Back in 2007, we wrote about a growing trend in law firms favoring “greater flexibility in work schedules and environments, including telecommuting.” At the same time, we noted a bit of resistance to the trend in Biglaw, including some firms explicitly telling their associates to arrive in the office by a specific time each morning.
Fast forward a decade, and the resistance is fading. A number of firms, as an informal matter, permit – or at least don’t give associates a hard time over – telecommuting. And a few firms are going so far as to issue formal policies blessing the practice.
Last year, for example, Shearman & Sterling adopted a policy allowing associates to work from home two days a month. Writing in these pages, Kathryn Rubino praised the policy, noting that “two days a month isn’t going to radically alter anything, but it is a nice step forward.”
And now another firm has upped the ante. As reported by Law360:
Morgan Lewis & Bockius LLP on Tuesday announced a formal remote-working program for associates.
Under the initiative, which launches May 1, associates can opt to telecommute one or two days a week beginning in their third year. About 100 associates have signed up for the program since it was announced within the firm on Friday, said Morgan Lewis associate talent partner Amanda Smith.
Being allowed to work remotely at least one day a week is quite generous. It’s certainly in the interest of associates – but Morgan Lewis believes it’s in the firm’s interest as well. According to chair Jami McKeon, the policy will help Morgan Lewis attract the best talent.
The firm explored the policy on a trial basis before launching it firm-wide, and the results were positive:
A beta test of the remote-work program in the firm’s Los Angeles office revealed that participating associates actually became more engaged and client service was the same or better under the program; McKeon pointed out that when you cut out long commutes, associates are more available to clients.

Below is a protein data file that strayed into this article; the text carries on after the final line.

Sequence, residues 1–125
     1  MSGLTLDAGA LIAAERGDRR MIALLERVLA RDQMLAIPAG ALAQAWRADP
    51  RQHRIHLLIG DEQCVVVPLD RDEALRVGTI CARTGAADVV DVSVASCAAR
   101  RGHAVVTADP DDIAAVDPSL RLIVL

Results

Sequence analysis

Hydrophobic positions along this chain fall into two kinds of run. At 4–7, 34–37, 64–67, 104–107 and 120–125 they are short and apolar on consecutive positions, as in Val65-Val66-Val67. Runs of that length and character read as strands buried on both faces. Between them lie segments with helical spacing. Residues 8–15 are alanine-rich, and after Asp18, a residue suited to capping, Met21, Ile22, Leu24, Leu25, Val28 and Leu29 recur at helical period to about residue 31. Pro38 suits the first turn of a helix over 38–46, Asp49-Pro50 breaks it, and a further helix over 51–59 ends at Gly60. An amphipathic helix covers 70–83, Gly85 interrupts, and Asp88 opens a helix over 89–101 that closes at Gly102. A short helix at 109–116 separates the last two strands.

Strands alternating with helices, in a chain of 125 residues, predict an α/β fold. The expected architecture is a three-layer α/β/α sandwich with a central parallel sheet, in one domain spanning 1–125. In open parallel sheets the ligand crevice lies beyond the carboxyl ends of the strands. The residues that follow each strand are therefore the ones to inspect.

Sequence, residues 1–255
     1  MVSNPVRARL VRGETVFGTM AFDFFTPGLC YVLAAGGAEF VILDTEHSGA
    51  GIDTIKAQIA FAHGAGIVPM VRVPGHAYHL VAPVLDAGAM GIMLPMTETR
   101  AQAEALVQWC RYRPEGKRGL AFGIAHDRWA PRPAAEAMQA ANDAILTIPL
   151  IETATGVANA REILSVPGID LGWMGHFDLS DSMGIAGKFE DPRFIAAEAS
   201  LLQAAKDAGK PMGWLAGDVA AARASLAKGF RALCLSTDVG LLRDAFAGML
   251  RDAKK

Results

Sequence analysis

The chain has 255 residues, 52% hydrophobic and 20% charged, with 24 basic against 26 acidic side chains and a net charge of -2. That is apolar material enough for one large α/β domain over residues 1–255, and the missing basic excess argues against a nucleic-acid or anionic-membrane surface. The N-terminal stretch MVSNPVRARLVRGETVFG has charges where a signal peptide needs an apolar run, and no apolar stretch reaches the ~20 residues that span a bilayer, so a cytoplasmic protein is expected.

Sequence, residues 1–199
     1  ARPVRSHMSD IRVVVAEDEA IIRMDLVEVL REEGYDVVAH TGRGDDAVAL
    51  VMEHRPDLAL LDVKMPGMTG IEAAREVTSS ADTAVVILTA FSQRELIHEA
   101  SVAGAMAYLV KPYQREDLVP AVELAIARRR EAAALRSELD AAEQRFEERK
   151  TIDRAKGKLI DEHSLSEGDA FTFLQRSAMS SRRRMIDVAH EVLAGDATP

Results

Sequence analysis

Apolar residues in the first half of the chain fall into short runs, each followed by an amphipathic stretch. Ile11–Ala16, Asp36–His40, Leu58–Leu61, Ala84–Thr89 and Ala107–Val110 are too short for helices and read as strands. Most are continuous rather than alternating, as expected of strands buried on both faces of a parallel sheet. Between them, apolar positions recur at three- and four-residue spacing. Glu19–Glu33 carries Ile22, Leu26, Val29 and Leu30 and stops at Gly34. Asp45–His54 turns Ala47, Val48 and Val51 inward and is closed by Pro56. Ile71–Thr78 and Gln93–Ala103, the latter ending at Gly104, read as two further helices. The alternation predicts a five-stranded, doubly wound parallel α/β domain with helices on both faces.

Esther Ro, a Morgan Lewis litigation associate who participated in the Los Angeles beta test, said it was important that the transition to the work-from-home program was seamless for clients. Because of the firm’s tech support, clients who call an associate’s office, for example, wouldn’t even know the associate wasn’t there, Ro said.
That’s an important point. Technology is a key component of working remotely, so firms that go down this path need to support telecommuting with tech. (Here are some tips on how to work effectively from home, courtesy of technology columnist Jeff Bennion.)
The new policy has the added advantage of promoting diversity as well:
Although it wasn’t an initial aim of the program, McKeon pointed out that the focus on facetime adversely affects women, people with families and other underrepresented groups. McKeon and Smith raised a total of seven kids, McKeon said, and they love that technology has evolved to the point where facetime is no longer the necessity it once was for law firms.
Congratulations to Morgan Lewis associates on the newfound flexibility. Will other firms follow suit?
David Lat is the founder and managing editor of Above the Law and the author of Supreme Ambitions: A Novel.